In Kuhne et al. (2005) and Rydberg et al. (2005) studies provided above, mutation was not directly measured. The PFGE and hybridization assay detects a 3.2-Mbp restriction fragment from chromosome 21. Deviation of DNA restriction fragments from the 3.2-Mbp mark during electrophoresis suggests occurrence of breakage and failed reconstruction in this segment of chromosome 21; induction of mutations can be inferred from the change in the size of the restriction fragments. The remaining 22 chromosomes are not considered. This method may not be sensitive enough to detect small base changes.

Cell cycle can influence the repair pathway of DSBs and, thus, the risk of incorrect rejoining of broken ends. In G1 phase, NHEJ may be favoured, while in S, G2, or M phase, both HR and NHEJ have been observed to be active in repair (Mao et al., 2008b)

Response-response Relationship
This subsection should be used to define sources of data that define the response-response relationships between the KEs. In particular, information regarding the general form of the relationship (e.g., linear, exponential, sigmoidal, threshold, etc.) should be captured if possible. If there are specific mathematical functions or computational models relevant to the KER in question that have been defined, those should also be cited and/or described where possible, along with information concerning the approximate range of certainty with which the state of the KEdownstream can be predicted based on the measured state of the KEupstream (i.e., can it be predicted within a factor of two, or within three orders of magnitude?). For example, a regression equation may reasonably describe the response-response relationship between the two KERs, but that relationship may have only been validated/tested in a single species under steady state exposure conditions. Those types of details would be useful to capture.  More help
Time-scale
This sub-section should be used to provide information regarding the approximate time-scale of the changes in KEdownstream relative to changes in KEupstream (i.e., do effects on KEdownstream lag those on KEupstream by seconds, minutes, hours, or days?). This can be useful information both in terms of modelling the KER, as well as for analyzing the critical or dominant paths through an AOP network (e.g., identification of an AO that could kill an organism in a matter of hours will generally be of higher priority than other potential AOs that take weeks or months to develop). Identification of time-scale can also aid the assessment of temporal concordance. For example, for a KER that operates on a time-scale of days, measurement of both KEs after just hours of exposure in a short-term experiment could lead to incorrect conclusions regarding dose-response or temporal concordance if the time-scale of the upstream to downstream transition was not considered. More help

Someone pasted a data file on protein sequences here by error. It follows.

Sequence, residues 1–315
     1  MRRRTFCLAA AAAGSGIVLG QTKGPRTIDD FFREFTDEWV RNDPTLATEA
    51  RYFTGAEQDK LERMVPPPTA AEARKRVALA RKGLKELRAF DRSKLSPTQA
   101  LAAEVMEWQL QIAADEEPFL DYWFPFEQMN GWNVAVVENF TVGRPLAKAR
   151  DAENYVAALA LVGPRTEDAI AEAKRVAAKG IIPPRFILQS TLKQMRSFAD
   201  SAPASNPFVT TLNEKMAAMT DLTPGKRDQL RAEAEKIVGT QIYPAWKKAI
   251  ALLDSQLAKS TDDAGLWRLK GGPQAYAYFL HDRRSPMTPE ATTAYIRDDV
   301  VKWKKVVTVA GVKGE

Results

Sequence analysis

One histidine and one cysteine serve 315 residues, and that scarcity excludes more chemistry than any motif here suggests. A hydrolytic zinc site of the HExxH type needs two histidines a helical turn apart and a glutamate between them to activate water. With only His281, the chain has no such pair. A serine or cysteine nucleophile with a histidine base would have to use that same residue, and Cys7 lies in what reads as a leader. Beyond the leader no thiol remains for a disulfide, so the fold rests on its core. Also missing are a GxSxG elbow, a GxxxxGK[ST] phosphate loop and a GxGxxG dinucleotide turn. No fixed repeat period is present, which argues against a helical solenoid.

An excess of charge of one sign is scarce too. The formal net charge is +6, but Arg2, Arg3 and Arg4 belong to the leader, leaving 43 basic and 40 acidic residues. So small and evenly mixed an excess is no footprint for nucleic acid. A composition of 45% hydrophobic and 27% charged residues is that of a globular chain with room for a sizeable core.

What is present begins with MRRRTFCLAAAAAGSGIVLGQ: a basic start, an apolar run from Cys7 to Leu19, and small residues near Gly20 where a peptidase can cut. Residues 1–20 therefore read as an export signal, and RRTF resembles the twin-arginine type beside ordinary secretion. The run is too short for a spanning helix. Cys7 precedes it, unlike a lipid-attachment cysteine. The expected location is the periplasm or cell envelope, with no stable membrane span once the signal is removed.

Known modulating factors
This sub-section presents information regarding modulating factors/variables known to alter the shape of the response-response function that describes the quantitative relationship between the two KEs (for example, an iodine deficient diet causes a significant increase in the slope of the relationship; a particular genotype doubles the sensitivity of KEdownstream to changes in KEupstream). Information on these known modulating factors should be listed in this subsection, along with relevant information regarding the manner in which the modulating factor can be expected to alter the relationship (if known). Note, this section should focus on those modulating factors for which solid evidence supported by relevant data and literature is available. It should NOT list all possible/plausible modulating factors. In this regard, it is useful to bear in mind that many risk assessments conducted through conventional apical guideline testing-based approaches generally consider few if any modulating factors. More help
Known Feedforward/Feedback loops influencing this KER
This subsection should define whether there are known positive or negative feedback mechanisms involved and what is understood about their time-course and homeostatic limits? In some cases where feedback processes are measurable and causally linked to the outcome, they should be represented as KEs. However, in most cases these features are expected to predominantly influence the shape of the response-response, time-course, behaviours between selected KEs. For example, if a feedback loop acts as compensatory mechanism that aims to restore homeostasis following initial perturbation of a KE, the feedback loop will directly shape the response-response relationship between the KERs. Given interest in formally identifying these positive or negative feedback, it is recommended that a graphical annotation (page 44) indicating a positive or negative feedback loop is involved in a particular upstream to downstream KE transition (KER) be added to the graphical representation, and that details be provided in this subsection of the KER description (see pages 44-45 of the User Handbook).  More help